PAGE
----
How to use Strava to plan your bike maintenance.

Strava users know all about tracking their mileage totals, but did you know you can track mileage on individual components? How many miles have you done on those tyres since you put them on? What about that chain, or the cassette?

If you’ve been riding a while, you’ll have certainly changed tyres more than a few times, and probably had to replace bits of the drive train from time to time – worn out cassettes, stretched chains. Maybe you like to run lightweight wheels in the summer and heavier duty ones for winter. Given that we spend good money on new bits, and their lifespan isn’t infinite, it’s useful to track the mileage of separate parts.

  • How many miles has it been since you last changed your chain?
  • How many miles did you get out of those tyres before they started picking up punctures?

This can be useful to know, in terms of planning an upgrade/maintainance schedule, or just for reflection, to influence future purchases.

How to set up tracking the mileage of your components in Strava?

It’s really easy, you just gotta poke around in the profile section and find the part called “My Gear”.

In that section you can add details of all your bikes, because like guitars, we all know you can never have too many!

This screen is also useful for selecting the “default” bike, so that when you upload ride data from a garmin, for example, it will automatically assume you used that particular bike, though you’re free to change it from the drop down list.

Clicking into each bike separately, you’ll notice that it’s possible to add components. Specify the item via the drop down lists and free text boxes and then add the date the part was added. That’s all there is to it.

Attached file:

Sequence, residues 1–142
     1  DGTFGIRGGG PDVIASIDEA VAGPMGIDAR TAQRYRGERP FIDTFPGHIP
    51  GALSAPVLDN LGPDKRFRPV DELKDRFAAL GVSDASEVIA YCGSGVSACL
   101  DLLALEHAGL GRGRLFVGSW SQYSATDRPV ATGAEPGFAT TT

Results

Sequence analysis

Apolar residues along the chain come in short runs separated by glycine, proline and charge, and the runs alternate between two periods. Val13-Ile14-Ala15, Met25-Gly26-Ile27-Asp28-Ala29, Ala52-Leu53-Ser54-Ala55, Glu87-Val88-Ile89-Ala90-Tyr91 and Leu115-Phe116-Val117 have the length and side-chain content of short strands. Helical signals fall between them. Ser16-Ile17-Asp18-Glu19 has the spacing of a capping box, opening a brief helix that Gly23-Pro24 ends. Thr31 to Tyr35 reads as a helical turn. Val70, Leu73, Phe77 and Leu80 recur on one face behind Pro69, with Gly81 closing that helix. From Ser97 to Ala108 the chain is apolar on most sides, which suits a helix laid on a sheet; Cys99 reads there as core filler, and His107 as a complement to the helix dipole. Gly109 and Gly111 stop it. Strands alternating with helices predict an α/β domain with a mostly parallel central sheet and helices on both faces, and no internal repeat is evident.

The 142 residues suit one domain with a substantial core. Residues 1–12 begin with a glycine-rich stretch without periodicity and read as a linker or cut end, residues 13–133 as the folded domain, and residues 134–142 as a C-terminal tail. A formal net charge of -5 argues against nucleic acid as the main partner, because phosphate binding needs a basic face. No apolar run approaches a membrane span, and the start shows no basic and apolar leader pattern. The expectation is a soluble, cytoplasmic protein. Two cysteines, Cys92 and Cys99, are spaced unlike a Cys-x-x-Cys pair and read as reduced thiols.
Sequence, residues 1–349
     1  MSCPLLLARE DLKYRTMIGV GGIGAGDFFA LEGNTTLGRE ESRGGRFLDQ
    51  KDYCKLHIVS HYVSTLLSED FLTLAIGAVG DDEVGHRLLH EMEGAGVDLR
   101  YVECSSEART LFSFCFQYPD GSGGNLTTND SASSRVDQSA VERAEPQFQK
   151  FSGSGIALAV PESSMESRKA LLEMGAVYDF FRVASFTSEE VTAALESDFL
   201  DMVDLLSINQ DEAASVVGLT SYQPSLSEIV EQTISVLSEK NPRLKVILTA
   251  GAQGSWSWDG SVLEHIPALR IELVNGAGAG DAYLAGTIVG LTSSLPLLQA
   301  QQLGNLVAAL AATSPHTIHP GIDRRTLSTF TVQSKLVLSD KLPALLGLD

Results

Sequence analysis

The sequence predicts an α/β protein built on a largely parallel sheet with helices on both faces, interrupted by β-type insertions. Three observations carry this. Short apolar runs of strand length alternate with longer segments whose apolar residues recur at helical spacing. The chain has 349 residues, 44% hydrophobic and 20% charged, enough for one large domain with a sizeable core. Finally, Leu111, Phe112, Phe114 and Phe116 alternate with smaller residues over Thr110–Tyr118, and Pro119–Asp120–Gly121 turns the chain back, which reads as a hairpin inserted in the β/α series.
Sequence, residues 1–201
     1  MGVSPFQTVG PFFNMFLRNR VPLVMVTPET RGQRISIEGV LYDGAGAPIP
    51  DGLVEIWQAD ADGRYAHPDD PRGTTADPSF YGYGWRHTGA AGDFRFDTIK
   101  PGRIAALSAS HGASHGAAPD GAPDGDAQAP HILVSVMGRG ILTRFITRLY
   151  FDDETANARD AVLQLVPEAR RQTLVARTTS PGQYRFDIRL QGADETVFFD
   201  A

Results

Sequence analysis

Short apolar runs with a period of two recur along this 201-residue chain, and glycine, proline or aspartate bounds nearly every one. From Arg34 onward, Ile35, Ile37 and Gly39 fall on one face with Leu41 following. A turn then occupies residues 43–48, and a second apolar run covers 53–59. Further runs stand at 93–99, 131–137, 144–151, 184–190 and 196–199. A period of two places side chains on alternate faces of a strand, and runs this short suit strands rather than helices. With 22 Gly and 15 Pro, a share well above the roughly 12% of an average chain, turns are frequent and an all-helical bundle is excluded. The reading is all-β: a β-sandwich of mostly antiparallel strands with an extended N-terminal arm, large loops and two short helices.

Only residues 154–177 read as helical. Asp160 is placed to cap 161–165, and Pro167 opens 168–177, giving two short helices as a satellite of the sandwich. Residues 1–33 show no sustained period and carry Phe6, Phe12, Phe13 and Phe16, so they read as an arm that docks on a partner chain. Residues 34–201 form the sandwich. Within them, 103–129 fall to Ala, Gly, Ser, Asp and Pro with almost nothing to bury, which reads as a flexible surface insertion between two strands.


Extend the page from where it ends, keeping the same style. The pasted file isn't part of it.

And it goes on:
You can apply this retrospectively too, as long as you know the dates. For example, my summer bike had a new bottom bracket last September. By adding that data I can now see how many miles it’s done, and anticipate when I’m likely to need to replace it again.

Using this method you can keep an eye on your vital bits of kit, individually.

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100 miles
  • grahampinkney

    Great information thanks again, Keep up the good work

  • Andy

    Thanks for pointing this out, just what I’ve been looking for..

  • bb

    Is there a way I can add my bike to the previous rides I have completed? I’ve done 10 rides, but only just realised I can add my Bike/

    • Alan

      Yes, you can go into each ride individually and ‘edit’. I don’t think it’s possible to batch process them in any way, so it could be a tedious process depending on how many rides you need to edit.

    • bb

      Cheers Alan, slightly tedious, only 10 rides to do though

  • Paul Morris (@drpmorris)

    How do you deal with the summer/winter wheels thing? if you “retire” something, there doesn’t seem to be a way to get it back… They should have a “substitutes bench” so you can list multiple bits of the same kit and then chose which ones are “active” or “inactive”?

  • Nicholas

    I was out for a ride this morning and began to wonder how many kilometers I had done on my current chain. Got home found Strava was offline then found your website by chance, very good topic you covered as soon as Strava’s back online I’ll be keying in my component details with approximate values. Happy riding!

    • Alan

      It’s very useful. The only downside is that it’s difficult to track things like wheels if you regular switch between different wheelsets, as you can only “retire” items to end their use. To get around this, what I do is re-create the item using the retired mileage in the description name. So for example, it might end up being listed as “Carbon wheel 1800”, so then I know I need to add 1800 to whatever mileage Strava says I’ve done on it since.

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  • Ellis

    Thanks, I’m now using it to monitor brake pad and tyre consumption

  • Phiilp

    Great stuff. Thanks for this.